First person - It feels like every conversation I have right now - whether it's with my flatmate as we collide in the kitchen to have lunch, when I am texting my mum, or by video chat - starts with "so, how are you doing?"
How am I doing? On Sunday I spent most of the day in bed, huddled under a duvet, listening to it bucket down. I cried a bunch. I was mourning my life. Why couldn't I just go and get brunch, or get a bagel delivered to my door? I miss my friends. I miss my boyfriend. I miss being able to just decide that I should wander to the pub and get a beer. I miss walking home around Wellington's waterfront.
I was catastrophising. What if this never goes away? What if I get sick? Is a sore knee a symptom? What happens if my dad, who is in his seventies and has lung disease, gets it? Is this my fault somehow?
And I was worrying. Is my team okay? Are we doing everything we need to be doing to cover this crisis? What about my friends and family who have lost their livelihoods? What can I do for them? What if they stop selling wine?
One of my friends described this situation right now as a "once in a generation clusterf**k". So, to be honest, my anxiety - overwrought as it is - isn't unreasonable. I am lucky enough that I've been able to afford therapy for years, and I am good at dealing with it. It doesn't get in the way of my job. For a lot of people, it will. And here's the thing: that's okay.
If you're struggling right now, that's okay. Everything is hard and scary and complicated and busy - or not nearly busy enough. Anxiety, depression, even just feeling like everything is a bit shit and you want to get off the bus - it's all legit.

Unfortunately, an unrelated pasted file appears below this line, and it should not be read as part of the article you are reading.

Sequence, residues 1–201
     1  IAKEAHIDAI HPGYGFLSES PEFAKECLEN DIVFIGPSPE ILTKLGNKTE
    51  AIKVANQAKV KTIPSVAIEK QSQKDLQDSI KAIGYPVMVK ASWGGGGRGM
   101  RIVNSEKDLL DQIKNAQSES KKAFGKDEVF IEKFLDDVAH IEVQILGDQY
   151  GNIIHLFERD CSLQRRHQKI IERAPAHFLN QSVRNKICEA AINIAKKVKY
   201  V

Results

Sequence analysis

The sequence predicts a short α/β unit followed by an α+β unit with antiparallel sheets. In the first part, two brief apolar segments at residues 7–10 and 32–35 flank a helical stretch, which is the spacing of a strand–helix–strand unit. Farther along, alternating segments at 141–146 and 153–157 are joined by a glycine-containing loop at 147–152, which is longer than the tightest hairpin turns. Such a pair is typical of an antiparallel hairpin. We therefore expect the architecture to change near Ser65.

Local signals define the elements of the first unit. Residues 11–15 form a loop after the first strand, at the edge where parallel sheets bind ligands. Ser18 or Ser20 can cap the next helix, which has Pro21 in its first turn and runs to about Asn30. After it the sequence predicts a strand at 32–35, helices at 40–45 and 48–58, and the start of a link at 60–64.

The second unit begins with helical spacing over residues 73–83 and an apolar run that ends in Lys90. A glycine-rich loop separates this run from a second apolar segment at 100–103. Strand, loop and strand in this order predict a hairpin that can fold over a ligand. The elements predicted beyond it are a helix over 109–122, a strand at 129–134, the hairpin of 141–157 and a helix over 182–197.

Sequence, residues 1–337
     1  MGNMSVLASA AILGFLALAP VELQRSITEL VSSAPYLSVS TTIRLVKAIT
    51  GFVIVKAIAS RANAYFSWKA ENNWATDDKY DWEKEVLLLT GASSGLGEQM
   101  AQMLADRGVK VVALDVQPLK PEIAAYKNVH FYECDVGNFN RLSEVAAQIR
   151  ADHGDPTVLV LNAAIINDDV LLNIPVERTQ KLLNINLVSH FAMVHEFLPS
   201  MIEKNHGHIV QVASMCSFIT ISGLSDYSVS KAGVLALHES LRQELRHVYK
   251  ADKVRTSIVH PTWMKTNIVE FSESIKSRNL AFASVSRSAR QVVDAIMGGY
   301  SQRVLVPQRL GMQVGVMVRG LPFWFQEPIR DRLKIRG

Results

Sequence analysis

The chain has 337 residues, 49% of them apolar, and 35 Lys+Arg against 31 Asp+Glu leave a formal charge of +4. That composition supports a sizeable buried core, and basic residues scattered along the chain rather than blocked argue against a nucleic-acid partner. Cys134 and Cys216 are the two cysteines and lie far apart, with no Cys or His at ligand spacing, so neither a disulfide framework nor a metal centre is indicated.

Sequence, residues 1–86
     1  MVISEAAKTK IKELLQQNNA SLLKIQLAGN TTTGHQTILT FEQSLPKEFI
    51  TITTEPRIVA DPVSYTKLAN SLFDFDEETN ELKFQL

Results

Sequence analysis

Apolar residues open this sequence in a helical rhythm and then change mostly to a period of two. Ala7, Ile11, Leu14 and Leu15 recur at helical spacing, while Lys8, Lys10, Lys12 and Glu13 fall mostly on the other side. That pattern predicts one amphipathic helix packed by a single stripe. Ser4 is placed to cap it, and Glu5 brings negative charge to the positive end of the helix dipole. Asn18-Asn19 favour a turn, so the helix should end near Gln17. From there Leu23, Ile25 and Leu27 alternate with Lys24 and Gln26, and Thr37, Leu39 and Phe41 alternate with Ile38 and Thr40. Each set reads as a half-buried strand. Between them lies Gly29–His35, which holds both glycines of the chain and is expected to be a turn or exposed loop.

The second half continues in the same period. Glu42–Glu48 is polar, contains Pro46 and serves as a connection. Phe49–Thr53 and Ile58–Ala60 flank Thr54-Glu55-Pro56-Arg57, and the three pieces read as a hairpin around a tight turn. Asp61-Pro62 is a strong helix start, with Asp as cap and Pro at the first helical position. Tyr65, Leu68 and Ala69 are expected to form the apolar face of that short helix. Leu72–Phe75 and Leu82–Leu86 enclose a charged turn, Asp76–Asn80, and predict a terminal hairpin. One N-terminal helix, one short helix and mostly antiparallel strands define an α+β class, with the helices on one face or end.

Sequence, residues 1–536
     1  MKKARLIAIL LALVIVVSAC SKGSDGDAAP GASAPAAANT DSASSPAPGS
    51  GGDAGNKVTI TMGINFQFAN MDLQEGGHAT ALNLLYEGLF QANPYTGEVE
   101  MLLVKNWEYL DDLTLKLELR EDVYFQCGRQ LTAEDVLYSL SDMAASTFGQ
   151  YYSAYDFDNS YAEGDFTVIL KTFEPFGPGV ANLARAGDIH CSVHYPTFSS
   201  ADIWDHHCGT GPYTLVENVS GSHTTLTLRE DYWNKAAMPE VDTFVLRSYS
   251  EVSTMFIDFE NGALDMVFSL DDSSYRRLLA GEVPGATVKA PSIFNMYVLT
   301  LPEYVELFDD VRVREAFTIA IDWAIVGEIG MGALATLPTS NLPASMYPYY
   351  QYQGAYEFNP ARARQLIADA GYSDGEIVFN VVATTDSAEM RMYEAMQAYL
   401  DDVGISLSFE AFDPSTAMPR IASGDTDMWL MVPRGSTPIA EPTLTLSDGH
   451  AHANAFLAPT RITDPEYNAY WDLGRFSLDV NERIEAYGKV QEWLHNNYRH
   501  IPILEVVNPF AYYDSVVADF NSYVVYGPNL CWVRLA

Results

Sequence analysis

- If you have symptoms of the coronavirus, call the NZ Covid-19 Healthline on 0800 358 5453 (+64 9 358 5453 for international SIMs) or call your GP - don't show up at a medical centre
I keep seeing people saying, "our grandparents were asked to go to war." And that's true. My grandmother was a Wren in World War Two. My other grandmother spent most of her life as a nurse. I think they would be both shocked at my reliance on takeaways and sympathetic to the reality of life changing virtually overnight while the spectre of a virulent disease plays at the edge of your mind.
Here's the thing though, comparing yourself to anyone else doesn't really help. Your own personal circumstances are yours. There will always be someone worse off. Whether you're working, out of work, working and parenting simultaneously, on the frontlines, or struggling to keep yourself occupied, what your brain is doing right now is different to anyone else's.
So, what to do? I am not a health professional, so for a start, talk to one of those. But here's what helps me: Call a friend. Take a walk. Walk away from your phone for a bit and watch the kererū you never knew hung out in your front yard.
I wrote most of this as an email for RNZ staff. It helps to share that you're struggling, even if you're holding it together. Talk to your colleagues, your bubble, your friends. Do it by video if you can - seeing other people's faces helps.
Try to be kind to the people around you. That woman at the supermarket who frowned at you was probably just nervous. Your neighbour who watches out the window is going through it too. That colleague who can't stop snapping - what's her home life like?
Even if it feels like the hardest thing in the world, shower and wash your hair. I did the latter this morning and I feel like a new woman.
There are heaps of resources around. Look after yourselves and your whānau. If you're wondering how to support the people around you, ask. Give people an opportunity to say "actually, I am not so great". Asking for help is hard, but accepting a helping hand is easier.
Lastly, focus on the good things. If you're one of the many people who have started a sourdough starter, take it out and give it hug. If all else fails, with just some flour and water, you made food. (Also, congratulations on finding flour!)
I'm keeping a journal of the things I miss from Before, like a gratitude diary in reverse. I am trying to remind myself that when we get back to whatever life is after all this, I can be more thankful for those simple things.